MINNESOTA NEWS ROUND-UP: Willmar police ID dead man found in apartment
WILLMAR, Minn. - Police have identified a man whose body was found in a Willmar apartment Wednesday morning.
Captain Jim Felt says the roomate of 22-year-old Tyler Richards found him unconscious and not breathing in his bedroom. The roomate called police and when first responders arrived Richards was pronounced dead. Felt says the investigation is ongoing and at this time no foul play is suspected. Richards' body was sent to the Ramsey County Medical Examiner.
One person is dead after a car collided with a train Wednesday afternoon in Morris. Police say the lone occupant of the vehicle was taken to the Stevens Community Medical Center and pronounced dead on arrival. Authorities have not released the victim's name. The crash is still under investigation.
Police in Saint Cloud are investigating after a school bus hit a pedestrian this morning. Officers say it happened on a frontage road and a School District 742 bus was involved. The pedestrian was transported to Saint Cloud Hospital with substantial injuries. There were no children on the bus at the time. The Minnesota State Patrol is assisting with the investigation.
A Kandiyohi County judge ordered a Cokato man to pay more than 37-thousand dollars to the families of three people killed in a drunk driving crash last year. Killed were Marta Stoffers of Atwater, Michelle Hoffman of Eden Prairie and Hoffman's eight-year-old daughter Julia. Twenty-two-year-old Paul Wickenhauser's pickup crossed the centerline of Highway 12 east of Willmar in August 2012 and stuck a van driven by Stoffers. Wickenhauser is serving a nearly six-year prison sentence after pleading guilty to three counts of criminal vehicular homicide.
The state's utilities are urging natural gas customers to keep their gas meters free of ice. The accumulation of ice and snow can lead to a hazardous natural gas buildup inside a house or other building. Officials recommend you very gently remove snow or ice from the gas meter and any associated piping. It's also a good idea to remove ice from the roofline above the meter. Officials also encourage you to maintain a clean path to and from the meter to allow easy access in case of emergency.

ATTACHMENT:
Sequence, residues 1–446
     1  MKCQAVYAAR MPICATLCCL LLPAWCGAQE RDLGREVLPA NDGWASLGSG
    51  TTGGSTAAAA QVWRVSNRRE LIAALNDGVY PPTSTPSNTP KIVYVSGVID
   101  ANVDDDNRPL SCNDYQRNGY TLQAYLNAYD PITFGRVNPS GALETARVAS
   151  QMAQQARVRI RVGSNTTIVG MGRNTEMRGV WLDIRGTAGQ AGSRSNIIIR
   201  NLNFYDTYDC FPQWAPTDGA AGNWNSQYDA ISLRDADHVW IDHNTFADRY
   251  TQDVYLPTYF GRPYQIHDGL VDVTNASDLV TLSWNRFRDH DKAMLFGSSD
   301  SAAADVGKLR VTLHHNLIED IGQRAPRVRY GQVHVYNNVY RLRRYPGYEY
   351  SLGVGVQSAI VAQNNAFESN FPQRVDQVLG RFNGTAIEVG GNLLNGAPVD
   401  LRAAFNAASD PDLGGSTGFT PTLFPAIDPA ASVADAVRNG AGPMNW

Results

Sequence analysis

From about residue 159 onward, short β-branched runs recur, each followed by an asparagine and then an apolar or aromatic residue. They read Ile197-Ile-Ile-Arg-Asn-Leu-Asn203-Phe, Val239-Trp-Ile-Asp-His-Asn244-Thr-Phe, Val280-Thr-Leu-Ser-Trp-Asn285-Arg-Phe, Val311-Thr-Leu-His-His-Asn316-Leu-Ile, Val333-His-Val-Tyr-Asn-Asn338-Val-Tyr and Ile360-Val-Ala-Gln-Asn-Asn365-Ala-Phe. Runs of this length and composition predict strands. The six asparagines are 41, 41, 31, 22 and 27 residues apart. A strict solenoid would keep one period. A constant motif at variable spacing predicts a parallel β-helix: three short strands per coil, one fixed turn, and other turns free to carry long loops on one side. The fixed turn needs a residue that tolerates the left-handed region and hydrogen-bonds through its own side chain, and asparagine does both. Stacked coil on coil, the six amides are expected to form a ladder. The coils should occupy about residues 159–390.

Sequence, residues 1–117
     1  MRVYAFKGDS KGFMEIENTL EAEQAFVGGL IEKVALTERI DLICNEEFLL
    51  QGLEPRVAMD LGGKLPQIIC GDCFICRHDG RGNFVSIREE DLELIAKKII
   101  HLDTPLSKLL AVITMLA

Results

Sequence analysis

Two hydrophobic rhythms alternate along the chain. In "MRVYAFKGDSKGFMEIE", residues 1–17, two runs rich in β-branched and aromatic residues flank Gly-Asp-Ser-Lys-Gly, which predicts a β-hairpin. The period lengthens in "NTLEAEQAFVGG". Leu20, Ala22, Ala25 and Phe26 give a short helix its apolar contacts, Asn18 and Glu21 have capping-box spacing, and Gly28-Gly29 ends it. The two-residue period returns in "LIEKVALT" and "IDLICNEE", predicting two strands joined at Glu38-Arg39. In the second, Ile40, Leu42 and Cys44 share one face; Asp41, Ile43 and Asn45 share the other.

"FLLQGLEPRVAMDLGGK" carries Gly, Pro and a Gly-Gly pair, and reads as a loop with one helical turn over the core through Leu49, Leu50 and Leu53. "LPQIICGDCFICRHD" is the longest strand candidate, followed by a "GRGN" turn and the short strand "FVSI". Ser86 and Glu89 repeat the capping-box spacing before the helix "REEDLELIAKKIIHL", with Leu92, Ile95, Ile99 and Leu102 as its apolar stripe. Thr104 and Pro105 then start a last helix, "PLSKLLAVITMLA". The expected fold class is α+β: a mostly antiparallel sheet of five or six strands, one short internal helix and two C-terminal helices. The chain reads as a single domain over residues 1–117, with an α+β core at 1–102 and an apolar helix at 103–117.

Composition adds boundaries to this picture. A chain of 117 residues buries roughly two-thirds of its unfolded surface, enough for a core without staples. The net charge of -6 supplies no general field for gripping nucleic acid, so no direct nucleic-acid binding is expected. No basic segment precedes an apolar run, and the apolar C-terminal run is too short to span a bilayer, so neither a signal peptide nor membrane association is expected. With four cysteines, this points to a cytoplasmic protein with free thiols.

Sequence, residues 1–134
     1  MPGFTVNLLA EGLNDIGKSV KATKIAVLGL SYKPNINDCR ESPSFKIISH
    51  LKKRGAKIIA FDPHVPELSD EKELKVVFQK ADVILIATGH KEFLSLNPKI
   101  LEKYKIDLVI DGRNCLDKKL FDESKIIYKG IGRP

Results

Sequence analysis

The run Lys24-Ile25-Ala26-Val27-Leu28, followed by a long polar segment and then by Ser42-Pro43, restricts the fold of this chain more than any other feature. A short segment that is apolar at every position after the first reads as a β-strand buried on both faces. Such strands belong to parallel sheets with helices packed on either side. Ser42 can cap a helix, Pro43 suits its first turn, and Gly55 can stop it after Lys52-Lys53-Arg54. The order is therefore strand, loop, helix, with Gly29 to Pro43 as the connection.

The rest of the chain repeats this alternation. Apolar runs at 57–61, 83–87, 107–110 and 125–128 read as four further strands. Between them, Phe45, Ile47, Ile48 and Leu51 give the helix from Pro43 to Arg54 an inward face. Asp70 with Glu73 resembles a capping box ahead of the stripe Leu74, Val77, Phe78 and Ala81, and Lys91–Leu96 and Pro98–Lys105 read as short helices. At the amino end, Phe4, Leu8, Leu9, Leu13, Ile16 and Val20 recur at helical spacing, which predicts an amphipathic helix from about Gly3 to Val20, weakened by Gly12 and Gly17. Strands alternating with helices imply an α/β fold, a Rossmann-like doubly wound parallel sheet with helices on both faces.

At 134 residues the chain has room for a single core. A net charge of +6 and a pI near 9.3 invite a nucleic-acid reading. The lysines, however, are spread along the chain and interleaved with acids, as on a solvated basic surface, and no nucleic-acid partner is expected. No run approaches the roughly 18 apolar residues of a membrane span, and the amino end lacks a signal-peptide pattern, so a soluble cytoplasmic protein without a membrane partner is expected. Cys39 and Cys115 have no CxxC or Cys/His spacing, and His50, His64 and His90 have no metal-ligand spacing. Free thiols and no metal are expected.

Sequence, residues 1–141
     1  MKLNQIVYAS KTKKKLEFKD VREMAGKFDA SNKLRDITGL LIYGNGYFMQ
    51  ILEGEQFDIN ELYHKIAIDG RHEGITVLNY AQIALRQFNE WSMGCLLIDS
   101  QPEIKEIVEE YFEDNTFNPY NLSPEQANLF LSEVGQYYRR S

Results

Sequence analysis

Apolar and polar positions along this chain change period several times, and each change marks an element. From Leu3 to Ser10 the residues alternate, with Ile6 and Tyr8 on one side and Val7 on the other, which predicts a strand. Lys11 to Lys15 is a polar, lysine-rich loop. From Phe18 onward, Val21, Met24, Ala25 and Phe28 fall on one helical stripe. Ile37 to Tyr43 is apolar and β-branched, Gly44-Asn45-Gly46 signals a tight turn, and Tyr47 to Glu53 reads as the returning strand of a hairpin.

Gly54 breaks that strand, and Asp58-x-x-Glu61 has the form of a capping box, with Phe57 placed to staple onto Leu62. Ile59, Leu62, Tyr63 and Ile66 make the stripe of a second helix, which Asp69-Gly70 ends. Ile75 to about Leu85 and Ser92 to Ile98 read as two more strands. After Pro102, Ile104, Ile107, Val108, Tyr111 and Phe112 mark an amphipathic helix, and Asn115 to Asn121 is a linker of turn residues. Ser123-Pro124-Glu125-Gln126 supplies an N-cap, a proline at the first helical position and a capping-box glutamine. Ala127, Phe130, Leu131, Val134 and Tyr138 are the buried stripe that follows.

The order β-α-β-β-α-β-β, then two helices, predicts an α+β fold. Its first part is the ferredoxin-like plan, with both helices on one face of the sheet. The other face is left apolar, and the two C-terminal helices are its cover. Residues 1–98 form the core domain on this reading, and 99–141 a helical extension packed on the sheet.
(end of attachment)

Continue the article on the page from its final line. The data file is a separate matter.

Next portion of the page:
With the rise of antibiotic-resistant bacteria, the Food and Drug Administration (FDA) wants to phase out antibiotics to promote the growth of farm animals -- but some claim the government's efforts don't go far enough. FDA guidance calls for manufacturers to voluntarily change antibiotic labeling to indicate the drugs are only for disease prevention. But Dr. David Wallinga of Healthy Food Action in St. Paul says many antibiotics are now labeled for a variety of uses, and changing that won't necessarily stop their use. Wallinga says his group worries that basically people will use antibiotics the same as they always have for growth promotion, regardless of what they call it. It's estimated that in 2011 in the U.S., about 8 million pounds of antibiotics were sold for human consumption, but nearly 30 million pounds were sold for meat and poultry production.